WASHINGTON (Reuters) - The head of the U.S. Environmental Protection Agency said on Thursday that the recent bankruptcy of a Pennsylvania oil refiner was evidence the nation’s biofuel policy needs an overhaul in comments that infuriated biofuels advocates.
Philadelphia Energy Solutions, the largest oil refiner on the East Coast, filed for bankruptcy last month. The company blamed the cost of complying with the U.S. Renewable Fuel Standard (RFS), a law requiring refiners to blend corn-based ethanol and other biofuels into their gasoline and diesel.
EPA chief Scott Pruitt said in an interview with Fox News that the bankruptcy largely stemmed from the RFS, and cited the program’s requirement that refiners earn or purchase biofuel blending credits called RINs to prove to the EPA that they were meeting their obligations.
“We need RIN reform,” Pruitt said, pointing out RIN prices had risen in recent years. “It is something I’ve talked to Congress about.”
He also said the EPA wanted to take a more conservative approach to setting annual biofuel blending volume requirements, an idea he has floated in the past and which has faced stiff resistance from the ethanol lobby.
“We set volume obligations every November,” he said. “Our job should be to take the market and production levels and set volume obligations that are consistent with objective factors – not set inflated or blue-sky types of numbers that create this inflationary pressure on RINs.”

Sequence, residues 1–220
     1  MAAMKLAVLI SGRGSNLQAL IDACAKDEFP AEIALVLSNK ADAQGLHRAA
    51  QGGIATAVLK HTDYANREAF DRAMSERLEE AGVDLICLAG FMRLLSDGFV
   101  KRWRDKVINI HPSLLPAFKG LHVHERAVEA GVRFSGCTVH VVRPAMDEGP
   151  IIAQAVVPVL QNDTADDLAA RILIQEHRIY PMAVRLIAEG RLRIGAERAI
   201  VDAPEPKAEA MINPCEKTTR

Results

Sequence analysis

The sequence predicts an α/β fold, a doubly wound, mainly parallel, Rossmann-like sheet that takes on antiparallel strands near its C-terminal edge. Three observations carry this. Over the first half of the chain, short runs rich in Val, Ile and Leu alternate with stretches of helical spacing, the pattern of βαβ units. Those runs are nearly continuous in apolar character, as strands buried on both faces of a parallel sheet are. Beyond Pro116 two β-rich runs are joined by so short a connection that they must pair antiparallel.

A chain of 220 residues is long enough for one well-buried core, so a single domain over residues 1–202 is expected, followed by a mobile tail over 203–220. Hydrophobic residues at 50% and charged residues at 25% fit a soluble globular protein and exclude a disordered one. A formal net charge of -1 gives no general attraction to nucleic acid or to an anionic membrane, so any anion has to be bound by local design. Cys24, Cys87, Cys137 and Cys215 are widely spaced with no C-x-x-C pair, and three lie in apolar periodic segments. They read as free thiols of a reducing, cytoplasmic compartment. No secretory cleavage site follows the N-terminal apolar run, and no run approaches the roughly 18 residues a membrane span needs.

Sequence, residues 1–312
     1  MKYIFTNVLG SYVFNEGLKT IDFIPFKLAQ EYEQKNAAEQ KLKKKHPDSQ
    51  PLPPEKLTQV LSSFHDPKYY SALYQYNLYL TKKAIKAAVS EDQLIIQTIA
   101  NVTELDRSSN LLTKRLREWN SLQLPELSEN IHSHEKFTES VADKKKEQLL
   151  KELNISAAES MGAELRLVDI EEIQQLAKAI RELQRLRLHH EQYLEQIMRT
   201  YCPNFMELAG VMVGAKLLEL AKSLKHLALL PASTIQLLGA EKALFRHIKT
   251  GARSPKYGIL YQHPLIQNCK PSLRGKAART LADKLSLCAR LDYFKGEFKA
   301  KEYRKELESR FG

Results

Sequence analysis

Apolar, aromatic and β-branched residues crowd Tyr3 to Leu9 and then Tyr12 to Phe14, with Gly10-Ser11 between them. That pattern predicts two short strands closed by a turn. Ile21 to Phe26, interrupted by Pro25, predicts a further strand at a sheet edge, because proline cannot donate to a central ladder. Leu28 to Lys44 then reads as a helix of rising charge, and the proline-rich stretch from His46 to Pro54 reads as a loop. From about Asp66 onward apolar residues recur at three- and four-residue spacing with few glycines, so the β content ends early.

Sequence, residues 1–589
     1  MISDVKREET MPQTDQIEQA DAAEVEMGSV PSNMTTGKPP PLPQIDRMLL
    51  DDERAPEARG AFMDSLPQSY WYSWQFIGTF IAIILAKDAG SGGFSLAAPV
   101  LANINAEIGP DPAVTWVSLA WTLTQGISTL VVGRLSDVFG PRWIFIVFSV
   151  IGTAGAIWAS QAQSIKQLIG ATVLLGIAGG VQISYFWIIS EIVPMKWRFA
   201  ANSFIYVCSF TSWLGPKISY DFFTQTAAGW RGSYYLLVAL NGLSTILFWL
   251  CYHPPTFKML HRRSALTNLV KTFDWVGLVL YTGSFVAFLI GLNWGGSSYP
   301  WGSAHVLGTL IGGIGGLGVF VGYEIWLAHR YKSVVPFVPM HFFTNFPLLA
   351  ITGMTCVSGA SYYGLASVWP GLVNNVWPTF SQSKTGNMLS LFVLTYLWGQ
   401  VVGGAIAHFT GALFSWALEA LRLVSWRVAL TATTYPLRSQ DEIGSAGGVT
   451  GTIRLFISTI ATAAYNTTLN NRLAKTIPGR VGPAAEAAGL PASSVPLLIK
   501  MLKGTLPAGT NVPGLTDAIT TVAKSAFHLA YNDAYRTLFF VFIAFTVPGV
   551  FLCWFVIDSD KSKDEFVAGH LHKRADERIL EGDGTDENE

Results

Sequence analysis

Overhauling the RFS, which the George W. Bush administration started to help farmers and reduce U.S. petroleum imports, would require an act of Congress. John Cornyn, the No. 2 Senate Republican, is trying to build consensus for a bill that would alter the RFS to help refiners.
The RFS requires refiners to blend 15 billion gallons (57 billion liters) of ethanol into the nation’s fuel each year.
Pruitt’s comments angered proponents of the biofuels industry.
“Mr. Pruitt’s current stance is... in direct contradiction to President Trump’s repeated and consistent promises to support the RFS, American farmers, and American energy security,” said Emily Skor, CEO of biofuels producer Growth Energy.
Brooke Coleman, Executive Director of the Advanced Biofuels Business Council called his comments a “backhanded swipe at rural jobs.”
Biofuels advocates have dismissed PES’s claims that its bankruptcy is due to the RFS, saying the meltdown had to do with the refinery’s particular economics, and that other refiners have been able to pass along RIN costs to consumers.
PES owes the EPA about $185 million worth of RINs, though it is unclear how that debt will be settled in the bankruptcy proceeding. Other refiners, including Texas’ Valero Energy Corp, have also complained about high RIN costs.
Writing by Richard Valdmanis; Editing by Lisa Von Ahn
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